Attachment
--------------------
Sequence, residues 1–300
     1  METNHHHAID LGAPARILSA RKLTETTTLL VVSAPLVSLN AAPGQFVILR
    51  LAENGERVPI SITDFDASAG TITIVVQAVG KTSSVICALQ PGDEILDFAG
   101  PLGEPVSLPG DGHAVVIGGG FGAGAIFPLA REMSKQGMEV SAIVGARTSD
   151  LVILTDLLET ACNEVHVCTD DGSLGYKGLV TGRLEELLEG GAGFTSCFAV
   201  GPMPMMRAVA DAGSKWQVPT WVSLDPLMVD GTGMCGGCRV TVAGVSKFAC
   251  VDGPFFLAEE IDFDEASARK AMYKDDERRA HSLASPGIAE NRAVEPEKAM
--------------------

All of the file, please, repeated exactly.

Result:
Sequence, residues 1–300
     1  METNHHHAID LGAPARILSA RKLTETTTLL VVSAPLVSLN AAPGQFVILR
    51  LAENGERVPI SITDFDASAG TITIVVQAVG KTSSVICALQ PGDEILDFAG
   101  PLGEPVSLPG DGHAVVIGGG FGAGAIFPLA REMSKQGMEV SAIVGARTSD
   151  LVILTDLLET ACNEVHVCTD DGSLGYKGLV TGRLEELLEG GAGFTSCFAV
   201  GPMPMMRAVA DAGSKWQVPT WVSLDPLMVD GTGMCGGCRV TVAGVSKFAC
   251  VDGPFFLAEE IDFDEASARK AMYKDDERRA HSLASPGIAE NRAVEPEKAM